John Smith, PAGB Chief Executive, said:
“The authors admit that the study has several limitations and highlight that it reports only associations and therefore any conclusions should be made with caution. This observational study analysed people on the Danish Cardiac Arrest Registry who had redeemed a prescription for NSAIDs during the 30 days before they suffered a cardiac arrest. Information about daily dosage was only based on estimates rather than accurate data and didn’t account for over-the-counter (OTC) use. Prescribed NSAIDs would normally contain a higher dosage than those medicines available OTC and would typically be used for longer durations.
“Within the study, NSAID users were found more often to be women who were likely to have cancer or rheumatic diseases. NSAID users in the study were also frequently being treated with morphine, diuretics and psychiatric medication, which could have contributed to their cardiac risk. The authors of the study also state that the cardiac arrest could be influenced by transient factors, such as an increase in the severity of a disease, as the cause of the cardiac arrest is not registered on the database.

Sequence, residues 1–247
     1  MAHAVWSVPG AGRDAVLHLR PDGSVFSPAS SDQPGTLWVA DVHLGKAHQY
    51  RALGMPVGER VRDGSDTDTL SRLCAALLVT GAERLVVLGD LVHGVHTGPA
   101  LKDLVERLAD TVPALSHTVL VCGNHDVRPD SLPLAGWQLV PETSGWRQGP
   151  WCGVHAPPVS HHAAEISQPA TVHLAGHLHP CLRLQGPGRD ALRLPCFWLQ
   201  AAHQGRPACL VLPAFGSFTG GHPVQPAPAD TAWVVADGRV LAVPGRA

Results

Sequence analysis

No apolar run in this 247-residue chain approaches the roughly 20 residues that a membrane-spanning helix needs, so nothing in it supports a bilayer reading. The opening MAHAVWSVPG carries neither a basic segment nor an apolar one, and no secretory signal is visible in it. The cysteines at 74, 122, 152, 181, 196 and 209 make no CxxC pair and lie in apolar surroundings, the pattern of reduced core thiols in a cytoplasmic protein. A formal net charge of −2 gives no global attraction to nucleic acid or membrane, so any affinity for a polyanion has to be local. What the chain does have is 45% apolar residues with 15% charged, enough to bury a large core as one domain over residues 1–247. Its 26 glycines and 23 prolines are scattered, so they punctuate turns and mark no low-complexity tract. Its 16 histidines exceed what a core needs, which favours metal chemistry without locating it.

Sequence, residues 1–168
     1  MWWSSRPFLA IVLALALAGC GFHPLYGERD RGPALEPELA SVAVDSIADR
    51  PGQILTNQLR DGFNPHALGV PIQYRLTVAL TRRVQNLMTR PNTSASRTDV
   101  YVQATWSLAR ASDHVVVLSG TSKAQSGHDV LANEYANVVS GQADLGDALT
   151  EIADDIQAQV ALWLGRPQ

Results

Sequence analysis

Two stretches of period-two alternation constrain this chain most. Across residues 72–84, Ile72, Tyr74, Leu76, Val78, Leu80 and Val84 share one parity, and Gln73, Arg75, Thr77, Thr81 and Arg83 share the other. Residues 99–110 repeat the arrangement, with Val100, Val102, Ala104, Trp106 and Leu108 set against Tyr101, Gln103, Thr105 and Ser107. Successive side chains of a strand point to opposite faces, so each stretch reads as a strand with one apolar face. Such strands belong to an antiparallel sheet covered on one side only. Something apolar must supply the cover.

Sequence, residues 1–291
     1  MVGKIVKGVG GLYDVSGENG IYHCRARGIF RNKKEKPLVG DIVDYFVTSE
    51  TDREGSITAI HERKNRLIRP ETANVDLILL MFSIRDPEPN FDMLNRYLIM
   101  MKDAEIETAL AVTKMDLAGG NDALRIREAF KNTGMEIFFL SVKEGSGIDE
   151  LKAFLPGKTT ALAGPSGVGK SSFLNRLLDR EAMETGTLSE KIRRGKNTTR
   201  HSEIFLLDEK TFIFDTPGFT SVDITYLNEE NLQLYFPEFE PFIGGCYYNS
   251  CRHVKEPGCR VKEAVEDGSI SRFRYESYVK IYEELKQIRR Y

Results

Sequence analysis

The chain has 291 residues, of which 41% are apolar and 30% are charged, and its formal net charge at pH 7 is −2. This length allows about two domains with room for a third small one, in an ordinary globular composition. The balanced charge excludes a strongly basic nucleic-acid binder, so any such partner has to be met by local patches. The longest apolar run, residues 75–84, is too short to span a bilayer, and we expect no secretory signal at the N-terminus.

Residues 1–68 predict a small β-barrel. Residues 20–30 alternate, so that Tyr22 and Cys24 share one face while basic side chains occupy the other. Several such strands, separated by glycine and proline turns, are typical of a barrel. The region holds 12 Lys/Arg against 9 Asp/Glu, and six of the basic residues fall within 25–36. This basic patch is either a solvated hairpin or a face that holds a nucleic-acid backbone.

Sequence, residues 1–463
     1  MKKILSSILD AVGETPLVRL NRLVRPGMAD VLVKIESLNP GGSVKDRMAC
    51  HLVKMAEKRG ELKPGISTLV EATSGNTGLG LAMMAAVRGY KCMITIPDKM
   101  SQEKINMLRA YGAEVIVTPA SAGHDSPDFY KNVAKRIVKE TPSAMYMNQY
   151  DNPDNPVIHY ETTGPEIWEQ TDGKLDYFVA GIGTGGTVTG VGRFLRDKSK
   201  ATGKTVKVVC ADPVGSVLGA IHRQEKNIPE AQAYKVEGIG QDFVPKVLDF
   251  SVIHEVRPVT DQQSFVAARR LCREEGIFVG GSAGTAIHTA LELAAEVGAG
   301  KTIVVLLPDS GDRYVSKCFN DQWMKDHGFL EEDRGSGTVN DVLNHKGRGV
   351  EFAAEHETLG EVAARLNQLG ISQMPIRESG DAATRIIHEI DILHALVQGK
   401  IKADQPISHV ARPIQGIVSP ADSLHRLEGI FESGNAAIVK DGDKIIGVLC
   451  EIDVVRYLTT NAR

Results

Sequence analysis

“NSAIDs available OTC, such as ibuprofen, are an effective and appropriately safe way to provide short-term pain relief if used in accordance with the clear on-pack instructions and the patient information leaflet inside. NHS Choices recommends NSAIDs to help relieve pain, reduce inflammation, and bring down a temperature.
“It is important for people with a history of heart disease or other long term condition to speak to a pharmacist before taking any OTC medicine to check for any potential drug interactions or health concerns. OTC medicines should only be taken in accordance with the on-pack instructions and patient information leaflet. Anyone who has concerns about taking a medicine should speak to a pharmacist for advice.”